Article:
Shortly after Libya was officially liberated from Colonel Gaddafi back in October 2011, the spirit of revolution was in the air. The sight of young men in mismatching military uniforms manning check points with Russian rifles slung casually over their shoulders and cigarettes hanging out of their mouths was a sight which inspired pride, confidence and solidarity from swathes of the Libyan population. The ‘thuwar’ (revolutionaries) were seen as the heroes of the hour. They were giving up their time, security and often lives in order to protect the newly liberated Libyan state. They were a tangible indicator that the revolution and its gains were being defended at all costs.
Fast forward nearly a year to the present day and the same men can be seen lounging by checkpoints, blocking roads, or increasingly, brandishing their weapons to demand their rights as ‘thuwar’, the defenders of Libya’s revolution. Over the last few months some fighters have gone back to civilian life, some have been assimilated into the fledgling National Army and Police forces and the rest have stayed within their close-knit brigades. These brigades, or militias as they are now being labelled, have either been brought nominally under the control of the Ministries of Defence and Interior, or have been left on the periphery to do as they please.
In a state fractured by war, awash with weapons and hampered by decades old suspicions about the police and army, the ‘thuwar’ were crucial in maintaining a semblance of security during the early days of new Libya. However events have moved on and as the state has attempted to exert more control over Libya, the role of these onetime rebels and revolutionaries has been called into question. These armed men think, act and make demands on the basis that they are revolutionaries, yet there is no longer a revolution to be fought.
Libya now has an elected congress who have a mandate to lead their country through the next stage in its transition. The moment they took power, the unofficial mandate of the ‘thuwar’ to protect the revolution should have been terminated. The situation may not be ideal but the outcome of the revolution was the 200 elected representatives who now make up the National Congress. They may be successful, they may not, but they should be given a fair chance to do their job and try to lead Libya to calmer waters. To do this effectively they need Libya’s armed forces to do their bidding and implement their decisions.
However, as has been made starkly obvious over the summer months, many ‘thuwar’ have no intention of submitting to the will of the elected government, nor of giving up their mantle of ‘defenders of the revolution’. Sufi shrines were destroyed with the support of the Supreme Security Council, (a Ministry-controlled brigade), members of the SSC threatened to blow up a hotel over grievances with the government and the American ambassador to Libya was killed in an attack allegedly led by Libyan brigade Ansar al-Sharia. Instead of protecting the road to Libya’s future, these brigades are now the biggest obstacle preventing the country from moving forward.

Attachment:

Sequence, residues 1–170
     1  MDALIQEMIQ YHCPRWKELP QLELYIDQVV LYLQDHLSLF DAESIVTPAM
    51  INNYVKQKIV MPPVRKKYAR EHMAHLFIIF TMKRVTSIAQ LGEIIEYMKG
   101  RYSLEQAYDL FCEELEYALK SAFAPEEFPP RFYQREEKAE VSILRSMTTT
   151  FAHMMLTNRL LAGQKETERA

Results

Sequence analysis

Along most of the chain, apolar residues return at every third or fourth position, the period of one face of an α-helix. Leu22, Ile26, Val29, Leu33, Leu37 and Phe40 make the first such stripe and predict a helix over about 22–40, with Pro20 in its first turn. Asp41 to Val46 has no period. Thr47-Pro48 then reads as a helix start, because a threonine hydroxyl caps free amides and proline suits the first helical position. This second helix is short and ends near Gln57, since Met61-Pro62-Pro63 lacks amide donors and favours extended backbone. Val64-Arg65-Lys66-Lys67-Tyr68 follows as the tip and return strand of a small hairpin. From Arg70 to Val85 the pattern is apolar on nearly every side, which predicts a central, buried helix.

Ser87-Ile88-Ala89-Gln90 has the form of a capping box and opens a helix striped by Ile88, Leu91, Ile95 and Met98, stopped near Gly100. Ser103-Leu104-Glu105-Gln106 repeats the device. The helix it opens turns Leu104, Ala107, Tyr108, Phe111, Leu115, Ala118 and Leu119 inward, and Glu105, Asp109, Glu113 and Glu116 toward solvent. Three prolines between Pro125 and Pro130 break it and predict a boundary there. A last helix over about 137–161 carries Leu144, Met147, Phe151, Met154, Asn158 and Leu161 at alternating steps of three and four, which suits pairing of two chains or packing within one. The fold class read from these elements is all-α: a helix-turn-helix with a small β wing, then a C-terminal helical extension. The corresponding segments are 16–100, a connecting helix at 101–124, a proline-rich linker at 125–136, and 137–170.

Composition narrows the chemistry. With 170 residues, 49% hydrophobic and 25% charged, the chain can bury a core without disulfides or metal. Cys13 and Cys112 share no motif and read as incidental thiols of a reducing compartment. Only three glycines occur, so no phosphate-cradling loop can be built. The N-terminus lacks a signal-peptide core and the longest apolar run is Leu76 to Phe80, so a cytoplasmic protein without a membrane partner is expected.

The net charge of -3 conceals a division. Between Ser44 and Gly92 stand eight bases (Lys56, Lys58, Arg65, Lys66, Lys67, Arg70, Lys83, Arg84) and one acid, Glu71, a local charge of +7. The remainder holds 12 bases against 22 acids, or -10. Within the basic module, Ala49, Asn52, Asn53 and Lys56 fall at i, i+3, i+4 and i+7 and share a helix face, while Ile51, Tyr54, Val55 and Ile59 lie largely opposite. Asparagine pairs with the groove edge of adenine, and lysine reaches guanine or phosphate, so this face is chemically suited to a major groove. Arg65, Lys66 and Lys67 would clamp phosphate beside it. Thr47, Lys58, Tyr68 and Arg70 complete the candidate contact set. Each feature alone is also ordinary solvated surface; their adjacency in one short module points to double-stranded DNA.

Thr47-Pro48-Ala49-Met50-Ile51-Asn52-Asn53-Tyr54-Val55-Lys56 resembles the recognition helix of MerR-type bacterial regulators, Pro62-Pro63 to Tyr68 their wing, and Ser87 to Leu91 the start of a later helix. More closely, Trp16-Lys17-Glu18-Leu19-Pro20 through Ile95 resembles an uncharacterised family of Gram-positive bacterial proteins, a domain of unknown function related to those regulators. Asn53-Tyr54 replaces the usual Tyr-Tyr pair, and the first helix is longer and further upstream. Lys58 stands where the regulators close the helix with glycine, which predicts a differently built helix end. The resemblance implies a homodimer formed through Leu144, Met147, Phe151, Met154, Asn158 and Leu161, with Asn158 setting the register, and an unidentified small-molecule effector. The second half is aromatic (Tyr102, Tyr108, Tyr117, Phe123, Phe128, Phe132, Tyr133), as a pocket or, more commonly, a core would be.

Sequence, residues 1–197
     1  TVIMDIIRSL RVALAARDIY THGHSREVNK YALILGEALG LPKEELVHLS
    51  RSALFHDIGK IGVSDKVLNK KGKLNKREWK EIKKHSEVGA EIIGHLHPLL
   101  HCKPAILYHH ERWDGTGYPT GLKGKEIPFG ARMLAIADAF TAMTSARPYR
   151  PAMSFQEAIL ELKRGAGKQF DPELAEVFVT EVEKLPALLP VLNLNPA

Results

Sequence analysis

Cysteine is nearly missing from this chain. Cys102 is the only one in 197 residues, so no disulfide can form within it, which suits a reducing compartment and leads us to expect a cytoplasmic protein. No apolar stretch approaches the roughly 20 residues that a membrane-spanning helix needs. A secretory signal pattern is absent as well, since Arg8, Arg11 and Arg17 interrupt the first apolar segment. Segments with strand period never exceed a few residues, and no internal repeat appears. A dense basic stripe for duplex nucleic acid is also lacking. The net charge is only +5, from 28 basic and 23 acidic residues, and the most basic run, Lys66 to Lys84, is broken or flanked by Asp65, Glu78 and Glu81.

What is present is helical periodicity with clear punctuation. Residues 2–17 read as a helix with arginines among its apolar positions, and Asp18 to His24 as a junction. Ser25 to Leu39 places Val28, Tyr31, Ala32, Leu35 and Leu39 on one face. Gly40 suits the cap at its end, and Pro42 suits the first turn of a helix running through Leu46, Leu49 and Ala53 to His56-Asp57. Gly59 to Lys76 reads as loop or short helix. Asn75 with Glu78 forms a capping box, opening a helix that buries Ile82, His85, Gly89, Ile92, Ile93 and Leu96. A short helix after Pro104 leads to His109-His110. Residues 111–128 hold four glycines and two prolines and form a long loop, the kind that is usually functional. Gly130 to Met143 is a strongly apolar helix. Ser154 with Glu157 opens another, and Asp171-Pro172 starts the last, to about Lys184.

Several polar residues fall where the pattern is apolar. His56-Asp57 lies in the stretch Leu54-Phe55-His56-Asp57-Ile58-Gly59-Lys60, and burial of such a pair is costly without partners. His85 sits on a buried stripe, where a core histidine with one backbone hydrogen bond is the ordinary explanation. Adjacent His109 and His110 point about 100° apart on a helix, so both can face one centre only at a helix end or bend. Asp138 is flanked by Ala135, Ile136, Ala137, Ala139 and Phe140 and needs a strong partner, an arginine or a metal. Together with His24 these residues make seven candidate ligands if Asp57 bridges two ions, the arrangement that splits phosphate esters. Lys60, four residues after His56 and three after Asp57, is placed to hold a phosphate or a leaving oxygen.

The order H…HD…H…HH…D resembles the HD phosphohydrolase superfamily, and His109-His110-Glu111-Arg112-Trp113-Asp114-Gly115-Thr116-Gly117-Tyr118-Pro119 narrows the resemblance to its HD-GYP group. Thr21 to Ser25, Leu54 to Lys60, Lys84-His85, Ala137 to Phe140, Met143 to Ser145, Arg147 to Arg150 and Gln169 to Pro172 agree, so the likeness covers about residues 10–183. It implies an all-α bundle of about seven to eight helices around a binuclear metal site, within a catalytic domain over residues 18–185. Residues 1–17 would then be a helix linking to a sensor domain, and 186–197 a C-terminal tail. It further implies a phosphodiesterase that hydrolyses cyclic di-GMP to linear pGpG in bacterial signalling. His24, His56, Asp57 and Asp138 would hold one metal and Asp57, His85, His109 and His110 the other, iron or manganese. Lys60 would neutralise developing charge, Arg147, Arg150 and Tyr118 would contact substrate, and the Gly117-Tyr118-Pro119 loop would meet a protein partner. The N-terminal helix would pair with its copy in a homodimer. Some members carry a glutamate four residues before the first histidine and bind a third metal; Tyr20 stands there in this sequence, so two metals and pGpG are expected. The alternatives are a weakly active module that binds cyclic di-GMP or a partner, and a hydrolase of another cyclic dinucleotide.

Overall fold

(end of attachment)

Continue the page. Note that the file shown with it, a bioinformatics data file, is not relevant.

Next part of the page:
Reports of extrajudicial killings, torture and detention without trial have become all too familiar in post conflict Libya, yet it is the same ‘thuwar’ who apparently fought for freedom, human rights and an end to repressive rule who are now the ones imposing their own reign of tyranny. Some are flagrantly abusing the human rights of others while demanding their own rights at gunpoint. Once the heroes of the story, they have now become the villains.
If these thuwar-turned-militiamen need proof that they have lost their popular support, the 30,000 to 40,000 people who came on to the streets of Benghazi on Friday, September 21, to demand the end of militia rule should be enough. That night four brigades were driven out of their barracks by protesters and subsequently disbanded by the army. The following day an agreement was made between political and military figures and militia leaders to disband unruly militias and bring the rest fully under government control.
However, implementing this agreement will not prove easy. These militias have spent the last year commanding power and influence often through intimidation and persuading them to give up these privileges will be tough, especially as they are all armed. There is also a worry that while smaller rogue brigades will be disbanded, larger ones will remain relatively unaffected. The prime minister-elect Mohammed Magriaf has said army commanders will be put in charge of all brigades including the two major forces in Benghazi, 17th February and Libya Shield. These brigades, like the SSC in Tripoli, are already nominally under government control but remain largely autonomous. Many complaints in recent months have centred around the apparently separate and increasingly Islamist agendas of these brigades.
There is a danger that over the next few weeks, the weaker more volatile brigades will be disbanded while the influential brigades that represent the real threat to Libya’s future will remain untouched. As congress men and women in Benghazi pointed out on Thursday, it is the fact that separate brigades still exist that is the problem. Whilst their autonomous command structures still exist, it is unlikely that the government will be able to eliminate outside influence and ensure that orders are followed accurately. All brigades must be disbanded and their members assimilated into the army or police as individuals. If this happens, Libya can begin to build the foundations of a strong, obedient national army and police force. However it is remains to be seen whether there is any carrot attractive enough to persuade these powerful militias to relinquish their control, and if not whether the Libyan state can wield a big enough stick to force them to follow their instructions.
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